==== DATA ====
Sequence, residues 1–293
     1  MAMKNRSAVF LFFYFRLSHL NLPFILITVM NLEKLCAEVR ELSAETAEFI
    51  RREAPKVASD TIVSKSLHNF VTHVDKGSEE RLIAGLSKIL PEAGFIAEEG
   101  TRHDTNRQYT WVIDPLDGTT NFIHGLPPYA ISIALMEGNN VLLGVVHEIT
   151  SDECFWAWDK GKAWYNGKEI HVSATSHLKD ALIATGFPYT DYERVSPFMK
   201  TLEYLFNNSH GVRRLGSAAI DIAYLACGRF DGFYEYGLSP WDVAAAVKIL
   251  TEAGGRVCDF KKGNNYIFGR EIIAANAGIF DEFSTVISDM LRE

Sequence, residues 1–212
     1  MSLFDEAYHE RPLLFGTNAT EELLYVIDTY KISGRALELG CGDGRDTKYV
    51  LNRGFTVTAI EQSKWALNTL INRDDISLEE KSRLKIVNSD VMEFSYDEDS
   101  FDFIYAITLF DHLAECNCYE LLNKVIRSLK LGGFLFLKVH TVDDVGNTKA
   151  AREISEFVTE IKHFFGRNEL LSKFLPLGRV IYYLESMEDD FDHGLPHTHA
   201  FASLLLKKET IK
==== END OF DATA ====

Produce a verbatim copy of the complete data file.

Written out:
Sequence, residues 1–293
     1  MAMKNRSAVF LFFYFRLSHL NLPFILITVM NLEKLCAEVR ELSAETAEFI
    51  RREAPKVASD TIVSKSLHNF VTHVDKGSEE RLIAGLSKIL PEAGFIAEEG
   101  TRHDTNRQYT WVIDPLDGTT NFIHGLPPYA ISIALMEGNN VLLGVVHEIT
   151  SDECFWAWDK GKAWYNGKEI HVSATSHLKD ALIATGFPYT DYERVSPFMK
   201  TLEYLFNNSH GVRRLGSAAI DIAYLACGRF DGFYEYGLSP WDVAAAVKIL
   251  TEAGGRVCDF KKGNNYIFGR EIIAANAGIF DEFSTVISDM LRE

Sequence, residues 1–212
     1  MSLFDEAYHE RPLLFGTNAT EELLYVIDTY KISGRALELG CGDGRDTKYV
    51  LNRGFTVTAI EQSKWALNTL INRDDISLEE KSRLKIVNSD VMEFSYDEDS
   101  FDFIYAITLF DHLAECNCYE LLNKVIRSLK LGGFLFLKVH TVDDVGNTKA
   151  AREISEFVTE IKHFFGRNEL LSKFLPLGRV IYYLESMEDD FDHGLPHTHA
   201  FASLLLKKET IK